I was thinking …

By Boyd Allen

Three years ago, I was teaching journalism at a beautiful high school in Florida, and we held our district journalism conference at Marjory Stoneman Douglas High School. Their journalism advisor is a superstar.

Her name is Melissa Falkowski, and now, she is a hero and survivor.

It is horrible to watch CNN and see a shaken friend describe a school shooting. I cannot imagine the horror of being there, hidden in a crowded closet filled with terrified teenagers.

Falkowski said they did everything right. They did what they were trained to do, and what they were trained to do was all that could be done.

The police came and did what they were trained to do, and it was all that could be done.

But an American mother with an ashen cross on her forehead was crying outside that school and 17 people were dead, killed by a lone gunman and an AR-15.

The man could not have killed those people without that gun.

The gun did not kill them; the man killed them.

But he could not have killed them without that gun.

Yesterday was Ash Wednesday and Valentine’s Day, a rare day combining repentance and a celebration of love.

A mother with red hair was crying in the arms of the mother who had the cross drawn in ashes across her forehead.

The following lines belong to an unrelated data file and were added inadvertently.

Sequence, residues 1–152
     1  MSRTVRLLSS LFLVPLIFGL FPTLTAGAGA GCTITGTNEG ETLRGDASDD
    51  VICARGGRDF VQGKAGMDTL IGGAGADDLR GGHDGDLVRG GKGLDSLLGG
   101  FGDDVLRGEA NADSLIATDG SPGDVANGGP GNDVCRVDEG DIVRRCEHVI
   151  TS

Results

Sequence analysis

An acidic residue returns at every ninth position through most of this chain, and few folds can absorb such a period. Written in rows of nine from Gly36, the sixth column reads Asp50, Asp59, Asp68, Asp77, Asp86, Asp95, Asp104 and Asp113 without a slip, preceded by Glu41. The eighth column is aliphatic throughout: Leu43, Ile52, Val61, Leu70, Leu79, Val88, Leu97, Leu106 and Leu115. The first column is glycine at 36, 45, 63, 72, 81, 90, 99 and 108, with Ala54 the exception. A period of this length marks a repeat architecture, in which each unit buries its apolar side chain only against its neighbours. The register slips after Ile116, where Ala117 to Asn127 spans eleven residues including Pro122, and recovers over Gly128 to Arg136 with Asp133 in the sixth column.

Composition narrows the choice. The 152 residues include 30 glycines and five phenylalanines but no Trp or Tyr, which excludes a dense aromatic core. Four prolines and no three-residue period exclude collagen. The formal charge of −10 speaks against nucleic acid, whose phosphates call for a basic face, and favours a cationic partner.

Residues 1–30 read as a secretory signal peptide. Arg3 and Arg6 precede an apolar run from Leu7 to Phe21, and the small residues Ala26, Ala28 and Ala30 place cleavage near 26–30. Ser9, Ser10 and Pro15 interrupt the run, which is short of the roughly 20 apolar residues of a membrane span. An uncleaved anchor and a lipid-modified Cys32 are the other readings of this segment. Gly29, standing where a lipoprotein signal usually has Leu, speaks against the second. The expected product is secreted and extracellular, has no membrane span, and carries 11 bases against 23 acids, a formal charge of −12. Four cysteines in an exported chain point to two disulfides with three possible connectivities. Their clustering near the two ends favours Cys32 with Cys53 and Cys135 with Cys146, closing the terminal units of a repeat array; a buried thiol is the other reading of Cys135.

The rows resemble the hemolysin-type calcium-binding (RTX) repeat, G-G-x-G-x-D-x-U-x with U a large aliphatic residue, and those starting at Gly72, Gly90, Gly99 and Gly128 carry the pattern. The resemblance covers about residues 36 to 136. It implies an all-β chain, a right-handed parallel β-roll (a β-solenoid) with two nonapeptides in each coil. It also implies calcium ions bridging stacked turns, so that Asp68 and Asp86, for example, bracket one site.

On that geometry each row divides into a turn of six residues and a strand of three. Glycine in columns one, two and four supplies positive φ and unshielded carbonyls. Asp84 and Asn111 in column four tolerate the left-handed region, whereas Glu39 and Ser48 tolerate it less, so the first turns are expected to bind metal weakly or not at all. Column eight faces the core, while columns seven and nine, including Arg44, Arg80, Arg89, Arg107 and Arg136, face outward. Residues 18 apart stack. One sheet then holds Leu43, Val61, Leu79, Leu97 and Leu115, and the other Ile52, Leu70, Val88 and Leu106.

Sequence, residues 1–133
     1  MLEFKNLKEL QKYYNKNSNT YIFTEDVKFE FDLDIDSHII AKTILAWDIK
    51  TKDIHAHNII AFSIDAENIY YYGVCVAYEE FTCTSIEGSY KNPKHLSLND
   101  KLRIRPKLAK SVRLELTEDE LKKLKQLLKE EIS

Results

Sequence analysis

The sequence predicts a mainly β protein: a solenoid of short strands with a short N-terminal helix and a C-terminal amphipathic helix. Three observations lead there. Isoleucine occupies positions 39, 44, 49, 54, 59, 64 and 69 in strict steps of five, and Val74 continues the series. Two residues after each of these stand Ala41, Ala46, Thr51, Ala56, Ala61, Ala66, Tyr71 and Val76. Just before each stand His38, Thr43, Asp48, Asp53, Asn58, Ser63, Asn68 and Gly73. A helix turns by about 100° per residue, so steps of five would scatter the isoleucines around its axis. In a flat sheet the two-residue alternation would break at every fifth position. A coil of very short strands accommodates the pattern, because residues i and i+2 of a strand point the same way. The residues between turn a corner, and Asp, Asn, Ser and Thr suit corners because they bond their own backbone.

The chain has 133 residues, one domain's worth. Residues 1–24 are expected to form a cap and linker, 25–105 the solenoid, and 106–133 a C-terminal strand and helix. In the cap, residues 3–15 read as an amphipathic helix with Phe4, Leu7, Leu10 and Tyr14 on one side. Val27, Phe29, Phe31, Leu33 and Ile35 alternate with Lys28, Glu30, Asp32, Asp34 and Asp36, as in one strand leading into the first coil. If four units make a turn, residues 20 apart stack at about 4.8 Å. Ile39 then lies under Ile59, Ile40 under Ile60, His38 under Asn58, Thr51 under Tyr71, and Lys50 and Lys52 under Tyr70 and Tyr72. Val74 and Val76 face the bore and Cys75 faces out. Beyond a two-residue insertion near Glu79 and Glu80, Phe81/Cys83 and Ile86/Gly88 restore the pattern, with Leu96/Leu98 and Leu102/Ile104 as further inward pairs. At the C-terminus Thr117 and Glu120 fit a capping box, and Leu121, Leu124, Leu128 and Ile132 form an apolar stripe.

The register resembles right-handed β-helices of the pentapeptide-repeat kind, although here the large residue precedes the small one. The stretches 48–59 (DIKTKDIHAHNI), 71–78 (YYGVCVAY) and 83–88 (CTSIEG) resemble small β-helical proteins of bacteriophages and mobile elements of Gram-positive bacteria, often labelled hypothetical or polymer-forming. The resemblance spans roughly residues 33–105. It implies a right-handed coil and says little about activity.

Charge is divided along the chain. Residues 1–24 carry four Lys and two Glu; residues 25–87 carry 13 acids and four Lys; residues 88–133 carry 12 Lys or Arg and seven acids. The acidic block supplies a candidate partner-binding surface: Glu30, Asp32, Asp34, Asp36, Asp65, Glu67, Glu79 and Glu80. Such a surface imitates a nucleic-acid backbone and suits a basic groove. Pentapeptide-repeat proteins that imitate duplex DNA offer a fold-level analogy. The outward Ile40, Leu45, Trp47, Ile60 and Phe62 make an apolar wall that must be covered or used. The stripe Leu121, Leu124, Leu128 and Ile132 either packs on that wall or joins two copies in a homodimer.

They loved their children and cried in the panicking knowledge that their children might be gone.

They loved each other and held each other against the panic and pain. Behind them another mother stood alone. Her mouth was open and she looked off into space.

Is it too late to repent?

Is it too late to repent for a nation so militarized that we feel a need to own an AR-15?

In the mind of those who feel perpetually wronged, in a culture where our heroes kill the many, the path to retribution is clear. And the tool is available.

Is it too late to repent a social-mindset that sees military-style assault as a solution to problems?

We police the world and the assault rifle has become a symbol of strength and righteousness against the many.

We have placed this symbol of death and retribution above our symbols for forgiveness and love.

We have the best-armed and best-trained police force on earth. We should be the safest people on earth.

We are not.

If more guns or more powerful guns in the hands of licensed gun owners who are humane, heroic and decent people could make us safer, we would be the safest people on earth.

We are not.

An American mother left church yesterday to get her children. On this rare Wednesday, she would take them home to celebrate Christ’s love and human love.

But then she was crying at her children’s school, tear-stained ashes on her face, her panicked friend screaming in her arms.

There were dead children on the sidewalk below a loving mother’s eyes in an unrepentant nation where a deranged and lonely anti-hero had taken down the many, again.

Because he could.

Reach Boyd C. Allen at ballen@currypilot.com .